So it’s clear that companies across a wide range of industries are trying to figure out just how many workers they need at a time when there are growing concerns about the slowing economy. Recession fears may escalate after the Federal Reserve raises interest rates again next week in its continued fight to bring down inflation.
Goldman Sachs CEO David Solomon told CNN’s Poppy Harlow Wednesday that the company’s hiring is “not going to zero.” But he didn’t rule out changes to the investment banking giant’s job plans if market and economic conditions deteriorate.
“I can’t tell you what the world’s going to look like in six months. If the world looks more difficult, we’ll adjust accordingly. We always try to be extremely nimble in how we think about these things,” Solomon said.
Still, some argue that there won’t be a massive wave in layoffs. For one, many companies are still citing labor shortages, especially in light of the ‘Great Resignation’ phenomenon. If the job market continues to hold up, that could minimize the economic fallout from a recession.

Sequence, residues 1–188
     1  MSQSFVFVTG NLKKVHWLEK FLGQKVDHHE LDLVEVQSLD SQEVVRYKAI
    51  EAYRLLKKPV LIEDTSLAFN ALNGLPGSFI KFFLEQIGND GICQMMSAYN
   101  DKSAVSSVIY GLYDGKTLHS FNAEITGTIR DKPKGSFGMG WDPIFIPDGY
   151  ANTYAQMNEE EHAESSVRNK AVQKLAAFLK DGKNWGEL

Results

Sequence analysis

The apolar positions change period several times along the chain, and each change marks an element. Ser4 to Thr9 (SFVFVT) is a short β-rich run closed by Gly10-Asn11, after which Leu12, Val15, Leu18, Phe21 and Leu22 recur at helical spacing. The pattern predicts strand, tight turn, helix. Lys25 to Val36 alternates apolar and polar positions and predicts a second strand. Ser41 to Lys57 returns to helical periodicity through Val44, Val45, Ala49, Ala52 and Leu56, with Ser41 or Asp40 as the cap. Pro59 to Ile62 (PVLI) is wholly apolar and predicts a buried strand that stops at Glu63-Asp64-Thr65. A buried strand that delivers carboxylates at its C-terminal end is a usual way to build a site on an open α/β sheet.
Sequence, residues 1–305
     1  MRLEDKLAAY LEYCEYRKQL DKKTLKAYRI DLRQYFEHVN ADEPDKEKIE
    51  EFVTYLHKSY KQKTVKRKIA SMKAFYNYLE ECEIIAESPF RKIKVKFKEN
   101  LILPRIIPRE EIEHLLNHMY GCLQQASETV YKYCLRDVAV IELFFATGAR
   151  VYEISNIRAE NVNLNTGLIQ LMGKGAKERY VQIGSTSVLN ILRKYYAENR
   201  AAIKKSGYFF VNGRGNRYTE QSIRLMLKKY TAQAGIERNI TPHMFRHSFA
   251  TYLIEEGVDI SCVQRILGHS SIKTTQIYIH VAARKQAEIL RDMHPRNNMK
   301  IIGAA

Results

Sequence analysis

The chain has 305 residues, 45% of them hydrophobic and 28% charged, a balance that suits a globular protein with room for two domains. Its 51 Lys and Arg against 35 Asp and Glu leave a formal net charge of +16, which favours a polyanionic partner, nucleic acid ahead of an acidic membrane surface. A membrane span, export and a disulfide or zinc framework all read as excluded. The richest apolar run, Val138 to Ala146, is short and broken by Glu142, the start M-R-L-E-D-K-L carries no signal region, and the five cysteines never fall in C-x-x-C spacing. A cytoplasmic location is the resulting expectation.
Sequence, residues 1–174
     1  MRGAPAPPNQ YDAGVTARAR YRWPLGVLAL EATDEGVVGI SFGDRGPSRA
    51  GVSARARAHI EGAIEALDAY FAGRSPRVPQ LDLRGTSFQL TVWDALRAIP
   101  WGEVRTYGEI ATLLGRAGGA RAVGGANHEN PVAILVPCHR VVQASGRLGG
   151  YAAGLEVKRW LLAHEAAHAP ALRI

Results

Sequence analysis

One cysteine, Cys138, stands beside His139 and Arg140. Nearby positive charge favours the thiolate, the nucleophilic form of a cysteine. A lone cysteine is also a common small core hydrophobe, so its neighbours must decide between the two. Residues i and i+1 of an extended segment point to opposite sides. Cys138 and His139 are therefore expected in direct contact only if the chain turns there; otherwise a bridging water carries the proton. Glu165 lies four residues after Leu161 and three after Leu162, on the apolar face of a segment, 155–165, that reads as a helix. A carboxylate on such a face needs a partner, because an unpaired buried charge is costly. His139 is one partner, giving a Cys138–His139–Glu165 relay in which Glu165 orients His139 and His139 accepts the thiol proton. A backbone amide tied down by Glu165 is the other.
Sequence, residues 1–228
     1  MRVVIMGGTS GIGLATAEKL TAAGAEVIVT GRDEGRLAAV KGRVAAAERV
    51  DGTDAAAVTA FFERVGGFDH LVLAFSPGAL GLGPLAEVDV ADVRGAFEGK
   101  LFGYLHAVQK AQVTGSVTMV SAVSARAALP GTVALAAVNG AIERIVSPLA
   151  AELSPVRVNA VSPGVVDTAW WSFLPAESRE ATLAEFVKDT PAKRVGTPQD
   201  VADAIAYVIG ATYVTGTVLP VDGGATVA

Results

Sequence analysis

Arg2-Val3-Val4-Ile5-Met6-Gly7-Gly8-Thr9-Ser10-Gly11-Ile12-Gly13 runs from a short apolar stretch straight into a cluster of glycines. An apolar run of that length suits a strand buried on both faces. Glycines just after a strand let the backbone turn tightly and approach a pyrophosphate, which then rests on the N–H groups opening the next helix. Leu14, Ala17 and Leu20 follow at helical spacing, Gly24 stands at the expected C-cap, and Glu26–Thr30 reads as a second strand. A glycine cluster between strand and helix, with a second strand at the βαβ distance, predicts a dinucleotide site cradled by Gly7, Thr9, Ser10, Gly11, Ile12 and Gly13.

Van Saun said some types of companies might be more likely than others to pull back on hiring or cut jobs.
He noted that huge banks like Goldman Sachs are clearly being hit by “subdued” volume for deals as the stock market has cooled. And he pointed out that many tech companies may need to pull back on hiring after years of being in a “grow grow grow mode where you get talent wherever you can.”
Some economists don’t seem overly worried yet either.
“The labor market is softening, but the change is so far gradual,” said Bill Adams, chief economist for Comerica Bank, in a report Thursday. He noted that the tech, financial services and retail sectors are most likely to keep pulling back on hiring. But other parts of the economy remain strong.
“Job postings are still extremely high. Some employers have probably started slow-walking hiring decisions, but others who are more confident about their business’s prospects are still eager to fill open slots,” Adams wrote.